A Marian bishop, Msgr. Henri Brincard discussed the odd behaviors back in 2000 in a statement on behalf of the French Bishops, which remains one of the most well written pieces of analysis out there, describes the odd behavior.  He writes:
It is first of all undeniable that at Medjugorje there are returns to God and 'spiritual' healings. It is no less evident that the sacramental life is regular there and the prayer fervent. One could not deny these good fruits in situ. We should even rejoice in them. But can we say that they continue in our parishes? Difficult question, for we must note unfortunately that the susceptibility, even aggressiveness, of some partisans of Medjugorje towards those who do not share their enthusiasm is such that it provokes, here and there, serious tensions which attack the unity of the People of God.

A closer look at Prof. Dr. Manfred Hauke

First, let's look even closer at Rev. Dr. Manfred Hauke before getting to the topic at hand for those who are unfamiliar with him. He is multilingual, so he has access to materials in many languages making his contributions that much more informative. He is a member of "Pontificia Academia Mariana Internationalis" (PAMI) since 1992.  He has done post-doctoral work in what is called in some countries, a habilitation.  This was on the doctrine of original sin in the Greek Fathers (see also his list of current projects for doctorates and habilitations).  Two of his works are published in English.  These are well regarded by theologians and apologists who defend the Church's teaching with regards to "feminist theology" and women's "ordination".  These topics were a big deal in the 80's and early 90's:  God or Goddess?: Feminist Theology : What Is It? Where Does It Lead? and:  Women in the Priesthood: A Systematic Analysis in the Light of the Order of Creation and Redemption).  Summed up:  Father has his collar on straight.  Here's more, from his curriculum vitae:

He is the editor of the scientific book series "Collana di Mariologia" (since 2002). His responsibility as coeditor regards the series "Quaestiones thomisticae" (since 2007), but also the reviews "Sedes Sapientiae. Mariologisches Jahrbuch" (since 2004) and "Forum Katholische Theologie" (since 2007). Since 1996, he is member of the editorial committee of the "Rivista teologica di Lugano" (since 2009 also vice-director) and since 2007 of the "Ephemerides Liturgicae".

Grave accusations: Effects of mushrooms?
Now that we know more about about who this priest-professor is, I want to shift over to what happened in the wake of his interview.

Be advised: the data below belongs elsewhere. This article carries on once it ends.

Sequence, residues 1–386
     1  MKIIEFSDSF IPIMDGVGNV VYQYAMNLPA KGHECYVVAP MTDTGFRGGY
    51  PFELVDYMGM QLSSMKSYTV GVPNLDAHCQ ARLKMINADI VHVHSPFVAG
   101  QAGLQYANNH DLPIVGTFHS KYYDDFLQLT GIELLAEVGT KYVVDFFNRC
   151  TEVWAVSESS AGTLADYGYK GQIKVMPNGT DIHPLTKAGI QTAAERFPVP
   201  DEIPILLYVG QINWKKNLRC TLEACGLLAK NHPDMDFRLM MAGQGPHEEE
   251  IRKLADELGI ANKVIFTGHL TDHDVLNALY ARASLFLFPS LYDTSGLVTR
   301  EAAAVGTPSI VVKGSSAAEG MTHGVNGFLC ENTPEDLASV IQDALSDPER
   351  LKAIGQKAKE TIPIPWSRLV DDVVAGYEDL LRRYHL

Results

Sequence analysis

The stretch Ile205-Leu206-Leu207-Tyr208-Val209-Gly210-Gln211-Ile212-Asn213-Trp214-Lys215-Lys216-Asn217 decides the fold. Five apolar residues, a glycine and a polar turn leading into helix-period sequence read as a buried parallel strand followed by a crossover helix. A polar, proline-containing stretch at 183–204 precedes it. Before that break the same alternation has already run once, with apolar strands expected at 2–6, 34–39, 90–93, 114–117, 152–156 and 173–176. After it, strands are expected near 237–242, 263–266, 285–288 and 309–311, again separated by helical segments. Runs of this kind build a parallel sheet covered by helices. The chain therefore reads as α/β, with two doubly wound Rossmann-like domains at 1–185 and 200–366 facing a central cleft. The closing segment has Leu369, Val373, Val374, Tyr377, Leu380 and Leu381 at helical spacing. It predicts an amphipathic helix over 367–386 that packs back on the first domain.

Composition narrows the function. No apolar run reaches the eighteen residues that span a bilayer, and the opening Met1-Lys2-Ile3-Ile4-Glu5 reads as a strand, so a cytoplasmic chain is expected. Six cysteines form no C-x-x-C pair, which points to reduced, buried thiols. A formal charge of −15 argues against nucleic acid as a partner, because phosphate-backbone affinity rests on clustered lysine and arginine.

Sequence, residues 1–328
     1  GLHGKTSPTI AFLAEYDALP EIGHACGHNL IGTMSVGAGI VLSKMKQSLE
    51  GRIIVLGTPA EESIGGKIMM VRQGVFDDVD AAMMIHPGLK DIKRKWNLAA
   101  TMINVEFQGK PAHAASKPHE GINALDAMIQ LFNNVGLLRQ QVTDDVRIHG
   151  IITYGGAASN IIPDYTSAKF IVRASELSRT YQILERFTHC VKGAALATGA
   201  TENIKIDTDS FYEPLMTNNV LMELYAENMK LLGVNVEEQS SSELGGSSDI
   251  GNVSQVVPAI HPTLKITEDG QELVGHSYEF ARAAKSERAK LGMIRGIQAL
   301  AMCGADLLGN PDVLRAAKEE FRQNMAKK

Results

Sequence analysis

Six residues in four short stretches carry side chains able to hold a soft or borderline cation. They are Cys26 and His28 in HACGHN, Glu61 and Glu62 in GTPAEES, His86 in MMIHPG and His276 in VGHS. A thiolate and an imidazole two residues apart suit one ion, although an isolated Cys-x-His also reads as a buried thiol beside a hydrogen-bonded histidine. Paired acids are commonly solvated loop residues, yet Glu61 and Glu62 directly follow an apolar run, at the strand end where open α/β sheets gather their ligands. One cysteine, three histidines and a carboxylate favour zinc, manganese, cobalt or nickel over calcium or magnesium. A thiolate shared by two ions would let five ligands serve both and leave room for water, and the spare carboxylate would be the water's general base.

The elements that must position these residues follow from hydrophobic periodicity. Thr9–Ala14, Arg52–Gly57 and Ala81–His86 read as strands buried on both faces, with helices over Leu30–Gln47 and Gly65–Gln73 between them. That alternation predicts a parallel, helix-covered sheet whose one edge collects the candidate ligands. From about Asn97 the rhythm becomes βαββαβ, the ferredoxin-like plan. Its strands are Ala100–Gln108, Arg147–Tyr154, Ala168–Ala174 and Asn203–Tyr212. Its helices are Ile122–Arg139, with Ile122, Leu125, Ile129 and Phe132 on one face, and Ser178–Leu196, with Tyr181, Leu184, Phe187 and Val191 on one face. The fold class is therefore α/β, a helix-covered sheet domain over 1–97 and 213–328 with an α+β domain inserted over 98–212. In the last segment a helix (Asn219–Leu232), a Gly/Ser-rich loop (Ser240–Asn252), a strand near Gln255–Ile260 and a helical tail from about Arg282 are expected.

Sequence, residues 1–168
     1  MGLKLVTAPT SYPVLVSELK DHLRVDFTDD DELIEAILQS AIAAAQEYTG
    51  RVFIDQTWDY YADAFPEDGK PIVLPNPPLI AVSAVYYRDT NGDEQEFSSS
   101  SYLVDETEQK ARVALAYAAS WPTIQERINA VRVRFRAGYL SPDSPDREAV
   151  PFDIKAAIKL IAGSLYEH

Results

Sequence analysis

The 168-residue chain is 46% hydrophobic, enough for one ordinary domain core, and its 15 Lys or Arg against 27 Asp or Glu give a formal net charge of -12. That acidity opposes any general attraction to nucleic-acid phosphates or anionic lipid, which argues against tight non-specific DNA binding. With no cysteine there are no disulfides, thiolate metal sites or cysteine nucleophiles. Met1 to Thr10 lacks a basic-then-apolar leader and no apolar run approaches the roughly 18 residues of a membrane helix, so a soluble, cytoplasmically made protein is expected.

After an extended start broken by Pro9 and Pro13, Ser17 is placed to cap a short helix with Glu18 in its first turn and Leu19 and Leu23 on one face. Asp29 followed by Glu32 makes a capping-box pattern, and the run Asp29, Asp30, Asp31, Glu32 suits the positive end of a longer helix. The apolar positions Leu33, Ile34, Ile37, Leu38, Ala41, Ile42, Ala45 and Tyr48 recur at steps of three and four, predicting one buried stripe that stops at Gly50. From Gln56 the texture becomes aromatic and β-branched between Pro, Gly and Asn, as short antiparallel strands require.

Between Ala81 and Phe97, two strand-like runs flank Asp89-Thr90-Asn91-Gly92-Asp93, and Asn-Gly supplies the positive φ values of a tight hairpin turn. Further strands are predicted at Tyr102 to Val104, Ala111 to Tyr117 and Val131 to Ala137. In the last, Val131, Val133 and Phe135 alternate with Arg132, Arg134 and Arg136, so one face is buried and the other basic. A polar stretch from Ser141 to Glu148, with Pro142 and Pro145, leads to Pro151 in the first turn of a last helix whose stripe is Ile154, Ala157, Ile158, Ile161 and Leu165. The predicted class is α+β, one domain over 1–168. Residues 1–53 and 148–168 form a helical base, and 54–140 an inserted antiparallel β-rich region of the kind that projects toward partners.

While it is very common to see these kinds of behaviors I'm describing  in combox threads and forums, we now have an example of it happening at a professional level to a highly-credentialed theologian in a public news source (a Medjugorje promoting Austrian site: by what can best be described as a "junior" theologian and Medjugorje devotee.

It involves a transitional deacon  (a man soon to be ordained to the priesthood) in the Archdiocese of Cologne by the name of Thomas Müller, who made some "very grave accusations" against Fr. Hauke (translation by Richard Chonak).  He says, in part:

It is frightening how lightly Prof. Hauke calls for the "love of truth", but spreads complete lies and half-truths himself in this interview, and silences known facts. Through it all, he sets about to mix with Medjugorje negative incidents which have nothing to do with it.
The high point, then, is the indirect conclusion that the fruitfulness of Medjugorje, which has been unique in the world in relation to conversions, vocations, the revival of the sacrament of penance, the rosary, and love for the Eucharist, comes from the work of the Devil and that the messages represent a spiritualistic phenomenon. This is an insult to God, since Hauke is thereby saying that the Devil, in order to deceive the Church, is more fruitful than the Holy Spirit.
What is interesting, is that Prof. Hauke said no such thing and the conclusion Müller reaches is one that has left me very puzzled.  Is it the effects of feeding on "poisonous mushrooms" because they taste good and appear harmless? This goes back to what I said about not being able to speak on things that are objectively critical without being impugned or defamed.  He starts out his public response in the same source which published the denunciation in this way [emphases mine in bold; comments bracketed in red]:

For years there has been a contentious debate about the so-called "Marian apparitions" of the seers who originated from Medjugorje. The current official position of the Church is still the 1991 declaration of the Yugoslav Bishops Conference, which emphasizes: "non constat de supernaturalitate", i.e. it cannot be affirmed that these matters concern supernatural apparitions or revelation. The local Bishop Ratko Perić goes beyond this affirmation and has emphasized his conviction [Prot.: 1267/97, October 2, 1997], according to which it has been established that the pertinent phenomena are not of supernatural origin [in paragraph 5 of the same letter, Bishop Peric himself acknowledged that this was his personal position, stating: "I am open to a study that the Holy See would undertake, as the supreme court of the Catholic Church, to speak the supreme and definitive judgment on the case"]. Among Catholic Christians, it should be possible to discuss the questions connected with this matter objectively [Yes!]. My interview in the Tagespost, which has been propagated in various languages since then, was a contribution to this very necessary discussion. If it should happen that I have, in the process, repeated any false information, I am ready and willing to correct these errors. Thus far I do not see any reason for corrections.